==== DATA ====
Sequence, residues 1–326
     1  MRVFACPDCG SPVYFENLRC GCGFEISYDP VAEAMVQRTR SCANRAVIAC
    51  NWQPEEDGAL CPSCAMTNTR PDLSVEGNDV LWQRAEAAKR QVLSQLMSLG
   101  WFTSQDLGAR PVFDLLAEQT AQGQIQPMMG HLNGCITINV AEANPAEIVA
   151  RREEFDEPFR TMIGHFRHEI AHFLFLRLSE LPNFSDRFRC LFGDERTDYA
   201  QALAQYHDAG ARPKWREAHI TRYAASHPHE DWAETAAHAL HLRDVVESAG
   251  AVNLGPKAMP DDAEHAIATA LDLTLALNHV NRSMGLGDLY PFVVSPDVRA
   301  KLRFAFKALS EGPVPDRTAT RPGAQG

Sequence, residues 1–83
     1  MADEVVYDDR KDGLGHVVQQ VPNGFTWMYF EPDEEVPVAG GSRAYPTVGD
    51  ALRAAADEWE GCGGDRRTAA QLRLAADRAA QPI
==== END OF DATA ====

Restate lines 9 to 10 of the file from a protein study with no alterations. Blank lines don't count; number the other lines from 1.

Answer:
Sequence, residues 1–83
     1  MADEVVYDDR KDGLGHVVQQ VPNGFTWMYF EPDEEVPVAG GSRAYPTVGD